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Resolve to avoid these four common fitness mistakes

In this column, I often field a variety of questions on how to achieve certain fitness and nutrition goals, such as how to train for a half marathon or the best post-workout foods to speed recovery, and while the focus is typically on positive, pro-active steps for achieving these goals, it's also important to be aware of the things that can undermine your efforts.

According to an article in the December issue of USA Weekend, there are four common fitness mistakes that can sabotage your goals: Viewing your regimen as temporary, focusing on the negative, dwelling on failure and discounting walking.

Establishing a healthy fitness regimen should not be viewed as a means to an end; it's a lifestyle to be adopted and practiced for the rest of your life. There is no finish line, no infinite certificate of accomplishment. Once your goal is met, it must be maintained, so the habits you form must be ones you can sustain indefinitely. No one can eliminate carbs forever or survive on carrots and lemon water alone. No one can resist an occasional dessert, nor should they have to; and no one can change everything all at once. If you've always eaten meat, start by eliminating only read meat or experimenting with meatless Mondays. If you aren't a fan of Brussels sprouts or kale, be sure to eat a variety of vegetables that you do enjoy and occasionally try new ones. The key is to make changes that you can live with for the long haul.

Negative thinking is a detrimental and sometimes self-fulfilling prophecy. It's important to use positive statements such as "I am strong and determined" instead of "I am overweight and unmotivated." When I discuss our family's physical and nutritional values with my daughters, I never use the words "fat" or "weight;" instead, I teach them the importance of exercising and eating well to stay healthy. Focus on what you're doing right rather than what you're doing wrong, and avoid thinking of exercise as a way to lose weight or to look better, but rather as a way to live longer and feel better.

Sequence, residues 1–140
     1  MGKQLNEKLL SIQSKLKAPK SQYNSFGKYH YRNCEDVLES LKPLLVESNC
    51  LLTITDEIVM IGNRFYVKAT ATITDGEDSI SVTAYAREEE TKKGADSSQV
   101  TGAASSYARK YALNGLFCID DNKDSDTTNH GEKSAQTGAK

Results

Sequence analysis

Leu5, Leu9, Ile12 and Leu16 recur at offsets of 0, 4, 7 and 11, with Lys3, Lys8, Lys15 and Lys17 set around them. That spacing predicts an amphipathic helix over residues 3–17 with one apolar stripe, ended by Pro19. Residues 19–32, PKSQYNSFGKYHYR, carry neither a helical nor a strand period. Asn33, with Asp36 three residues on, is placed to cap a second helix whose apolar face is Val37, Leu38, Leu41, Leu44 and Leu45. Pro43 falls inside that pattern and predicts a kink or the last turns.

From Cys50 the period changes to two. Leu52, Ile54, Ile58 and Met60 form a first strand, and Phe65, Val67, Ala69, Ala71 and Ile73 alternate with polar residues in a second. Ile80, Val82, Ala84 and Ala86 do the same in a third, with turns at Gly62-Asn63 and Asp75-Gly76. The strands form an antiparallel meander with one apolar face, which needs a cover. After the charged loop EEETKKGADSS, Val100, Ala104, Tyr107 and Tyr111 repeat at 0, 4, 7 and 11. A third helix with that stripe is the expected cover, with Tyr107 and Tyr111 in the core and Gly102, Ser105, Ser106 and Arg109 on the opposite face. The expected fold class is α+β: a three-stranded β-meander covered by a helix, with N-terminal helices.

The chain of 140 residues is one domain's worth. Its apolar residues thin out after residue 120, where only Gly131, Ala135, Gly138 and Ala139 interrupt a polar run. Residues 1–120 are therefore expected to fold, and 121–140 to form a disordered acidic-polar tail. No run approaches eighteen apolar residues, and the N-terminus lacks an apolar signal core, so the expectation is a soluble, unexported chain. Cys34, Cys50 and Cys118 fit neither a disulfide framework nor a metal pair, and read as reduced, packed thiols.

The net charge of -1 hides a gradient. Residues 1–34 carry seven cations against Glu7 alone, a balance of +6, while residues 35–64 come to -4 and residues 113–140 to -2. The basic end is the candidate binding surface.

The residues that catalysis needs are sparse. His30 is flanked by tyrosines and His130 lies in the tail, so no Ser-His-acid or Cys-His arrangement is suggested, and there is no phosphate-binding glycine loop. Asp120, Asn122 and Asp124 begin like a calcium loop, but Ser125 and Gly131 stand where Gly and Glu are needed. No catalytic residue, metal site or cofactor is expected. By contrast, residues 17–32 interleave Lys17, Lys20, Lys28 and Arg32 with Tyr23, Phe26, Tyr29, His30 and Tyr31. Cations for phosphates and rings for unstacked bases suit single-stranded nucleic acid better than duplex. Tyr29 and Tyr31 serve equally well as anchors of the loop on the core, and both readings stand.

Shervin Pishevar, a managing partner at Menlo Ventures, a leading venture capital firm in Menlo Park, California, says, "If you don't fail, you haven't tried hard enough." Many successful people, from Steve Jobs to Stephen King, have failed while attempting to achieve their goals. Failure is a part of life and we humans are intended to learn from our mistakes. If you gain a few pounds, skip a few workouts, or eat too much cake, forgive yourself, learn from it, and move on. Identify what derails you from your goals and make a plan to avoid similar pitfalls in the future.

Mayoclinic.com notes that walking is a gentle, low-impact exercise that is safe, simple, and accessible to almost everybody, and can ease you into a higher level of fitness and health. Walking lowers blood pressure and cholesterol, reduces your risk of type 2 diabetes, helps you manage your weight, and improves your mood. According to the site, "regular, brisk walking can reduce the risk of heart attack by the same amount as more vigorous exercise, such as jogging." So don't underestimate the value of a brisk walk around your neighborhood.

So, this year, resolve to avoid these fitness mistakes and remember that we must all learn to walk before we can run.

Please email your fitness and health questions to me at leimlight@verizon.net or mail them to:

As I See Fit

201 Railroad Ave.

Westminster, Md. 21157

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